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I want to create an ISO image which can be mounted with an ext3 partition type. How can I do that?

I am using this command:

[root@manage upload]# dd if=testParti.txt of=./diskImage.iso
41+1 records in
41+1 records out

And then when I try to mount that using the following command:

/bin/mount -o loop -t ext3 diskImage.iso /tmp/upgrade

I get this error:

mount: wrong fs type, bad option, bad superblock on /dev/loop0,
       or too many mounted file systems
       (aren't you trying to mount an extended partition,
       instead of some logical partition inside?)
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1 Answer 1

up vote 3 down vote accepted

dd only copies data, it does not make filesystems (you use mkfs for that).

Use dd to build an image of the desired size (play with bs= and count=, and use input from /dev/zero), then run mkfs.ext3 on the created file, then mount it like you're trying to do, and copy the desired files to the mounted directory, then unmount: now the image has the files you want.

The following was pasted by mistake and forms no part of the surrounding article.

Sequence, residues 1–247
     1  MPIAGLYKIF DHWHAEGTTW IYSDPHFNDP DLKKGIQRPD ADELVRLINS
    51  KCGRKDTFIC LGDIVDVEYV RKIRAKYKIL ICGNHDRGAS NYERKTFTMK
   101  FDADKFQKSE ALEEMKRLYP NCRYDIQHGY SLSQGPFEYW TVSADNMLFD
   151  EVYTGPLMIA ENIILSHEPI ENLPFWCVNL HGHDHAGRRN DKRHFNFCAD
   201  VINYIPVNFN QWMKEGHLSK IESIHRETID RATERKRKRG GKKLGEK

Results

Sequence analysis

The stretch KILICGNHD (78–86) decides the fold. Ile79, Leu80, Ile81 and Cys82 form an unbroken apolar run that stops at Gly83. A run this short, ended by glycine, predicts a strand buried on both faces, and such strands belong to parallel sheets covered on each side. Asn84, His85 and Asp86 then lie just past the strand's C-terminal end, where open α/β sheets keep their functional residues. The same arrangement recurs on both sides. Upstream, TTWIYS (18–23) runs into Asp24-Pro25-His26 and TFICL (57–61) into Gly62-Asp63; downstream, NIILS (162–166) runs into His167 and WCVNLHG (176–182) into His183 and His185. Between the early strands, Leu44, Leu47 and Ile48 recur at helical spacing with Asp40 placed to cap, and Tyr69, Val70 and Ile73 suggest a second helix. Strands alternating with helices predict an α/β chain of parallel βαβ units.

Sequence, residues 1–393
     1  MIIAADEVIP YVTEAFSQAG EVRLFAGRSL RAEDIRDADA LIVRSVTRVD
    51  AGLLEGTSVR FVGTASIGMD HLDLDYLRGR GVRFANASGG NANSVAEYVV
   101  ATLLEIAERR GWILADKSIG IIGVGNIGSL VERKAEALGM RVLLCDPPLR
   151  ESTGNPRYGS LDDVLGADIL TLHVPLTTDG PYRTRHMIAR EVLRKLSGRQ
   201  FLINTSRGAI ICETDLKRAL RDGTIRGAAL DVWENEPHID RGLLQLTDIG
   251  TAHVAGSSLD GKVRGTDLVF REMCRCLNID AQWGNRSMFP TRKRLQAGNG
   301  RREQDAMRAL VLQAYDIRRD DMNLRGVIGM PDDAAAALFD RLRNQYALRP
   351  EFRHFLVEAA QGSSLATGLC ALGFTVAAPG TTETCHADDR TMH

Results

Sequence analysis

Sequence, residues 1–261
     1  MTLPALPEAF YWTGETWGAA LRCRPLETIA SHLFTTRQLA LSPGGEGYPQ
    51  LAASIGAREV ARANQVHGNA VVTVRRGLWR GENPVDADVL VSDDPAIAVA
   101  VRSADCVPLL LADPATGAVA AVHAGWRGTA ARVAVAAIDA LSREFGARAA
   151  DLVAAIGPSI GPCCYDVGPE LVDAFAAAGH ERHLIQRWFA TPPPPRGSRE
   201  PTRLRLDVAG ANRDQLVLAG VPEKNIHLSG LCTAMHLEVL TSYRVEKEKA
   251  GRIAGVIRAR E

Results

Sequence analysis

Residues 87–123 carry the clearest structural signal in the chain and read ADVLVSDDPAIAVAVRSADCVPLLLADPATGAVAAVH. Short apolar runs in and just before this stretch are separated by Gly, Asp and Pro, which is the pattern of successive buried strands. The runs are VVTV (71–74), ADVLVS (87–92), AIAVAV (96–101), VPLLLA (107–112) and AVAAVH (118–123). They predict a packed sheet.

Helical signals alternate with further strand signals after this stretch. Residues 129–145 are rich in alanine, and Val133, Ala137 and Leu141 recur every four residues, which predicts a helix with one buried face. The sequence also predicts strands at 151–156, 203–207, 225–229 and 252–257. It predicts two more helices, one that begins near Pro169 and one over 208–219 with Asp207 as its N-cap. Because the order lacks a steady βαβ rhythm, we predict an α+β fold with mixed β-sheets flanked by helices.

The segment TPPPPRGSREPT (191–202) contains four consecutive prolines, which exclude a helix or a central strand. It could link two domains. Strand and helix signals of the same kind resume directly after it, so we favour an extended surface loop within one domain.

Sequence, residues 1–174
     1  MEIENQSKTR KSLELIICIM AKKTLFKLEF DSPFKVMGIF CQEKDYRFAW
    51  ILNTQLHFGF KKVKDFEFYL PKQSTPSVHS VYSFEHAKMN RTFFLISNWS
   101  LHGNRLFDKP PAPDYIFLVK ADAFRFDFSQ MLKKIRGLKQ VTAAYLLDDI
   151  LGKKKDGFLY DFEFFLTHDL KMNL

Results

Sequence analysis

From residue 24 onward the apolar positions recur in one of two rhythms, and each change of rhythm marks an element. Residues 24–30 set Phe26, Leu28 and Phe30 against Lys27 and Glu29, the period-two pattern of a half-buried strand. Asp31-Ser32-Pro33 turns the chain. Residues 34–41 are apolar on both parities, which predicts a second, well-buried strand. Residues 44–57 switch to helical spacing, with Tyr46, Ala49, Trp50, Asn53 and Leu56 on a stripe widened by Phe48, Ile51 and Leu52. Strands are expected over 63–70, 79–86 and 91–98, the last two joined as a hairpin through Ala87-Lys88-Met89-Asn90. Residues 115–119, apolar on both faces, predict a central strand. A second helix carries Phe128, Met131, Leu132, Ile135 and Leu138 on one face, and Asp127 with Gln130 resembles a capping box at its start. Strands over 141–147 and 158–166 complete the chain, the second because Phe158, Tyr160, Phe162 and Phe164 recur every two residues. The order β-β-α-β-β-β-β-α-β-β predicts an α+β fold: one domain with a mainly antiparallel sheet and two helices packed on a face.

Don't call it "iso image". It is a filesystem image. An ISO image is usually a filesystem image containing an ISO9660 filesystem.

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Please give me whole technical process with commands. –  Bhavik Ambani Feb 9 '12 at 10:44
2  
Rather than take the time to write all zeros to the image file with dd, you can simply use truncate -s 10g foo.img to create a 10g empty sparse file. That way it starts out not using any disk space at all, and allocates space as you write to it, so you don't need 10g of disk space to hold the image when you only fill it with 2g of files. –  psusi Feb 10 '12 at 15:11

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